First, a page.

By Ken Jennings, CNTraveler.com
The age of exploration is usually said to have ended in the late 1600s, when European settlements had been established on most of the world's continents and the search for new trade routes was pretty much over. But that doesn't mean the globe was fully mapped, not by a long ways. In 2005, for example, a biologist at London's Kew Gardens discovered a brand new rainforest. And he didn't find it on our Earth. He found it on Google Earth.
Julian Bayliss, a British scientist specializing in plant conservation, was browsing for possible African rainforest sites on Google Earth when he stumbled on aerial photographs of Mount Mabu, a lush peak rising above the savannah of central Mozambique. He was surprised to find 27 square miles of medium-altitude rainforest -- the largest in Africa -- that, to his knowledge, no one had ever studied.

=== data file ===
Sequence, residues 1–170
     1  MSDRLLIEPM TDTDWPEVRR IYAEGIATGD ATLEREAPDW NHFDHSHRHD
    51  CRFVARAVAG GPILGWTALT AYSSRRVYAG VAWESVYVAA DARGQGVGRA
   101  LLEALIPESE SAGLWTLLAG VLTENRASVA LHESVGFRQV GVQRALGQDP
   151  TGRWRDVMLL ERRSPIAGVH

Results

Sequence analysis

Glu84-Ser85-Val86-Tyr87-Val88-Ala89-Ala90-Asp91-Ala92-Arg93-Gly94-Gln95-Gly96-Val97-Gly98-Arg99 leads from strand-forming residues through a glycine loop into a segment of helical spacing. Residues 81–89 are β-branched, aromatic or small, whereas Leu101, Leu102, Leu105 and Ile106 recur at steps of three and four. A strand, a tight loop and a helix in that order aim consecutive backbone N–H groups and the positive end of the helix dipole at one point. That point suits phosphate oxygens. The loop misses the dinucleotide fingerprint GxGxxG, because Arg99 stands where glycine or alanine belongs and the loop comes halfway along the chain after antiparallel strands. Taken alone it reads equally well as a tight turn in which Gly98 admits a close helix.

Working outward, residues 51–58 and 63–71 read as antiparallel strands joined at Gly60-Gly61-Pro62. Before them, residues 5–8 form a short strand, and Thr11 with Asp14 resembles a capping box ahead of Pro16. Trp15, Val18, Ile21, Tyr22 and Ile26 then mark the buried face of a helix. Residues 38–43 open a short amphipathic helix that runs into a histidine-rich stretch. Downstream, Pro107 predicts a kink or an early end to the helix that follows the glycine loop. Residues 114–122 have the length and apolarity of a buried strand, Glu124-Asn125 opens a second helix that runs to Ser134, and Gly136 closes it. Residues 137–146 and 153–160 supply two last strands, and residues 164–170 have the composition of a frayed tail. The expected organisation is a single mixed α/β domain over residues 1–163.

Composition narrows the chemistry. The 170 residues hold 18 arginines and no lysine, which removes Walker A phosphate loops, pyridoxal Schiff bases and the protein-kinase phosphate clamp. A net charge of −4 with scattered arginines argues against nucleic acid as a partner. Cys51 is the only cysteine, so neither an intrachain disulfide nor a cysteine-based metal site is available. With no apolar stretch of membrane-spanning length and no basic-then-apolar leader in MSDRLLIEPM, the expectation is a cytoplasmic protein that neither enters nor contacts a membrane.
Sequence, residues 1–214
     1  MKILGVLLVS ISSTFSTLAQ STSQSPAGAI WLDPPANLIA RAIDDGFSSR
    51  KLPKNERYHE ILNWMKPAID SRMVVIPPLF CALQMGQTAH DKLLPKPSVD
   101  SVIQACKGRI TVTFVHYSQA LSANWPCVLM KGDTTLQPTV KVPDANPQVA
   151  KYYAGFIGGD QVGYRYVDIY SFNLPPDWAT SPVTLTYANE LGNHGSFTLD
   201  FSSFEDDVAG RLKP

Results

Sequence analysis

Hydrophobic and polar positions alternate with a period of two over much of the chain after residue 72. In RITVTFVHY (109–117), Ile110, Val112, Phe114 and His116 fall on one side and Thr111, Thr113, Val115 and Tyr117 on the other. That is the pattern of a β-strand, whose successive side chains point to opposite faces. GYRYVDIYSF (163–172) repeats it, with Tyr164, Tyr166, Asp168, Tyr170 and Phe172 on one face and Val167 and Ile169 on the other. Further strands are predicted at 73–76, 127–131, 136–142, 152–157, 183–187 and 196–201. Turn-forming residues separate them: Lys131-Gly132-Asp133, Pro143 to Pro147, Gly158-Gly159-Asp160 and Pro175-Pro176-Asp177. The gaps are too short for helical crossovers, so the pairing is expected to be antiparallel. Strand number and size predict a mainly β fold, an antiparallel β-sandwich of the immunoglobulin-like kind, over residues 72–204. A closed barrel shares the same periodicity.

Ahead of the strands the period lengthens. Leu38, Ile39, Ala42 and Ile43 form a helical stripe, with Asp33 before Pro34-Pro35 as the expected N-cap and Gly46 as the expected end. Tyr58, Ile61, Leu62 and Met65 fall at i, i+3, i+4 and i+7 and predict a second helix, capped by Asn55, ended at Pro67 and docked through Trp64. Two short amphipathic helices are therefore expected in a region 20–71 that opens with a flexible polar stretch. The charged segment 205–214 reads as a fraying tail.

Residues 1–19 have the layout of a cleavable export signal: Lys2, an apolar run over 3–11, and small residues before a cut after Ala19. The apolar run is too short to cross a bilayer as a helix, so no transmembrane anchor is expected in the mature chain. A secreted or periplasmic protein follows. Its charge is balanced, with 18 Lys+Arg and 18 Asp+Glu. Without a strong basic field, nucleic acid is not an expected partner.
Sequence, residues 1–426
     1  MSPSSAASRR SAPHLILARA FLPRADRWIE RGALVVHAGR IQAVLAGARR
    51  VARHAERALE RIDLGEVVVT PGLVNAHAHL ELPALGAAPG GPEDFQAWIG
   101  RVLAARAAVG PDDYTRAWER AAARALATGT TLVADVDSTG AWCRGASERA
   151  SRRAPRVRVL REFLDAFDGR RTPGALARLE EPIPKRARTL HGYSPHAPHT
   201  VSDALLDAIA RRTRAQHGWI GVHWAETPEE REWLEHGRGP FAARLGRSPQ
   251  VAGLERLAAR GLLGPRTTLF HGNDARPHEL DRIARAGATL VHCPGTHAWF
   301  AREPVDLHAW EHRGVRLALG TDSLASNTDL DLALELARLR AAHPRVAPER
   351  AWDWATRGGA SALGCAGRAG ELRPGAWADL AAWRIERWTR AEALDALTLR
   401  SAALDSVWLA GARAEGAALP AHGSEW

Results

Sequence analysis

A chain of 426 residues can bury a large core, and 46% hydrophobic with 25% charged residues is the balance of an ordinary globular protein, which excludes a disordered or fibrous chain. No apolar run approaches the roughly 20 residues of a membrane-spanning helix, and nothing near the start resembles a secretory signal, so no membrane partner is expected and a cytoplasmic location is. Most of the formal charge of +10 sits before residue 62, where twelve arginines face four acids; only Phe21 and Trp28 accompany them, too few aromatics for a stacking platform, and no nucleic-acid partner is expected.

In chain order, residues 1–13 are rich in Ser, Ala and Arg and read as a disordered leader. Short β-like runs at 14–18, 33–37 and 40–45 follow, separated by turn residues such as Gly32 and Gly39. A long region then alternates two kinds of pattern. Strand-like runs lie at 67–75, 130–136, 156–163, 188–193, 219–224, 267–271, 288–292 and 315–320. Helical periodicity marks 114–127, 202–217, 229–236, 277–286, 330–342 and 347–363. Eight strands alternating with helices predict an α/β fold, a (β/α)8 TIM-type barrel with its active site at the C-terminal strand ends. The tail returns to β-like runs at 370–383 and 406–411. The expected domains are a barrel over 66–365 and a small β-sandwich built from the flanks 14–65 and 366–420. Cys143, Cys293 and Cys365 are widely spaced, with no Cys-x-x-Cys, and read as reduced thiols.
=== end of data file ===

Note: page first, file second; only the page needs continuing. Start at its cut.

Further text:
How could a whole rainforest hide in plain sight for so long? Locals in the area knew about Mount Mabu, of course, but the combination of a lack of roads in the area and a long-running civil war had kept outsiders away. Mount Mabu -- the "Google Forest," as it came to be called -- had never been logged. It had never even been mapped.
What the first Kew botanists found when they hiked Mount Mabu surpassed even their wildest expectations. Thousands of species of orchids and other exotic tropical plants, hundreds of kinds of butterflies and rare or endangered birds, as well as antelopes, monkeys, and reptiles, all spotted on the first expedition alone. The team thinks that over a dozen previously unknown species are among the haul, including a new kind of pygmy chameleon, a freshwater crab, bats, a scorpion, and three snakes.
The government of Mozambique has moved to protect Mount Mabu from commercial logging, so there may be decades of new discoveries to come from "Google Forest." "People say there is nothing left to be discovered in the world," wrote Dr. Bayliss, "but there are new species to be discovered. Lost worlds to be found."
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